Ford F-150 Raptor: It's Physically Smaller
We've already mentioned that the Ford Raptor is nearly 1,000 pounds lighter than the forthcoming Ram 1500 TRX, and that alone will make a huge difference in felt driving dynamics. However, the Raptor is proportionally smaller than the TRX, as well. Raptor is -inch shorter in overall length, 2 inches narrower in overall width, and 2.5 inches shorter than the TRX. Track width is .5 inch narrower, as well. While these numbers may seem small, what they mean in the real world is a truck that's easier to drive and park. At 81 inches tall, there will be more than a few parking garages the TRX won't be able to enter.
Ford F-150 Raptor: 10 Years of Research, Development, and Improvement
We know Ram has been working on the TRX for a long time. In fact, it's been nearly four years since we saw the first concept truck at the State Fair of Texas. But, while Ram was tinkering in the workshop, Ford had Raptors out in the real world. In fact, Raptor has been in production for more than a decade now (Ford did sit out the 2015 and 2016 model years while the company transitioned to the new aluminum bodied truck). Does this fact alone make Raptor a better truck than the TRX? Of course not. However, it has given Ford tons of real-world data from the hundreds of thousands of trucks on the road that the company has been able to use to improve the product.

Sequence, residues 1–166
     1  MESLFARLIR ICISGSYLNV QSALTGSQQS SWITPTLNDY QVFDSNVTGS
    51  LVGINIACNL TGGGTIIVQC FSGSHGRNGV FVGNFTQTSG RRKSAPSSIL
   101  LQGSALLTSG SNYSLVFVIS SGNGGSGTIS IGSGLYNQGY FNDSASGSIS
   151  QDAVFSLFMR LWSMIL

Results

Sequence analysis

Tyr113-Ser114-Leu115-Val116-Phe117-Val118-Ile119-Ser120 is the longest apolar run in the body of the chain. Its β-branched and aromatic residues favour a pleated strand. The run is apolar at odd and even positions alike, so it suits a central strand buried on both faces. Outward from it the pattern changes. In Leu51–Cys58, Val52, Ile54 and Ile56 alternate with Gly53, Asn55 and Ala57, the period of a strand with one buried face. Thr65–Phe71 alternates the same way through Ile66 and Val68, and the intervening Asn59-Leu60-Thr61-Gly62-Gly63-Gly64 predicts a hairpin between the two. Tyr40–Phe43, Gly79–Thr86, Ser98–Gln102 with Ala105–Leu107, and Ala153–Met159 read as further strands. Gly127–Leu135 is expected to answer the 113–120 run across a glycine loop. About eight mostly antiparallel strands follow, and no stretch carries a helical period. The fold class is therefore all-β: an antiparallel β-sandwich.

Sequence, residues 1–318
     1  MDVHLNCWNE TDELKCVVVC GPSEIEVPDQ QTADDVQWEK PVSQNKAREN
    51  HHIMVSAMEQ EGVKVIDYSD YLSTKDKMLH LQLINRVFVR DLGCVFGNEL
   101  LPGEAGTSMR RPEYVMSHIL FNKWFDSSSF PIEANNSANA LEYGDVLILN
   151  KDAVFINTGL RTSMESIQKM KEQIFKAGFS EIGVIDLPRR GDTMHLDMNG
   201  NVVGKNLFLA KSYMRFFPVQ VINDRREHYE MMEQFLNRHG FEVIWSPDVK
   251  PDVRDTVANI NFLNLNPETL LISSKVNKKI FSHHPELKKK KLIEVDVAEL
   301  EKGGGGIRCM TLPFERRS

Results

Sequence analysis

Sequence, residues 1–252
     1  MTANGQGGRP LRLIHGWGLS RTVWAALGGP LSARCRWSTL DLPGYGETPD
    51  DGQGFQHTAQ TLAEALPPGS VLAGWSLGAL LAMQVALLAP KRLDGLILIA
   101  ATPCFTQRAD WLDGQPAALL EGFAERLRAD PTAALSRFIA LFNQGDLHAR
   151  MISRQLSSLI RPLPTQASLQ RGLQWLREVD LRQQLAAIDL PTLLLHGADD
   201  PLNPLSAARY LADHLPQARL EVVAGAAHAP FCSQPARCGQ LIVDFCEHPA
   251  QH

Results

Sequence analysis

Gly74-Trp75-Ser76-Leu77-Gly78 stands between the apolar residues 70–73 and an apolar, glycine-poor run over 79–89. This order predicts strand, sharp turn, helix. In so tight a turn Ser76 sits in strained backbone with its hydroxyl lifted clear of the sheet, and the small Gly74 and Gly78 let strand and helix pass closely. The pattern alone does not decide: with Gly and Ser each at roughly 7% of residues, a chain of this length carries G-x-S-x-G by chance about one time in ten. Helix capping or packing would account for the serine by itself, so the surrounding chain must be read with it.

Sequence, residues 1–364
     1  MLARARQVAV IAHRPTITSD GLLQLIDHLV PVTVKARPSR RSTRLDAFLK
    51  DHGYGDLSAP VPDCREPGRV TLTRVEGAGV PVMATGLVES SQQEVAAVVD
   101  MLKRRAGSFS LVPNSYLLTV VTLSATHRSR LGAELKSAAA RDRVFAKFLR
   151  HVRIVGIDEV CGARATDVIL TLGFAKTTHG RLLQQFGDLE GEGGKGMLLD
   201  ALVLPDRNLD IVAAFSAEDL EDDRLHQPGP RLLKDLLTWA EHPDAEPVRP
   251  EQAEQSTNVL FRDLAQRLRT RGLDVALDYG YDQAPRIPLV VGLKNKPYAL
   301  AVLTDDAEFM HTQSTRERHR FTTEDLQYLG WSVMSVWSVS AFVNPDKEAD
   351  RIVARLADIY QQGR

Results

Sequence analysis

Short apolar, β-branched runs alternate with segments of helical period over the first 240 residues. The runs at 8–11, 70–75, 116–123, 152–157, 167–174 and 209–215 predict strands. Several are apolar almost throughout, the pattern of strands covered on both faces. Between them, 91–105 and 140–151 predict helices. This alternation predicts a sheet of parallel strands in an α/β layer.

Ford F-150 Raptor: Has Raced Off-Road and Won
It may seem trivial, but Ford has not only entered a number of grueling off-road races with the Raptor, it's won many of them, as well. From the Baja 1000 to the Mint 400, Ford has been racing with Raptor since even before its public introduction. And it's not just the factory-backed teams, either. Private racers have taken Raptor to such extremes as the Dakar Rally with much success. Will Ram enter a factory-backed TRX in the off-road racing circuit? And will private race teams choose TRX as a base for their next racing endeavor? Hopefully we'll find out soon.
Bonus: Raptor Assault
Own a 2019 or 2020 Ford F-150 Raptor? Well you're in luck! Owners are invited to attend the Ford Performance Raptor Assault driving school absolutely free. Well, not absolutely free, you'll still need to get yourself to the program facility outside Salt Lake City, Utah. This two-day program combines classroom time with off-road driving to help new owners get used to all their Raptor has to offer. And best of all, you don't even need to bring your Raptor, they'll provide one for you.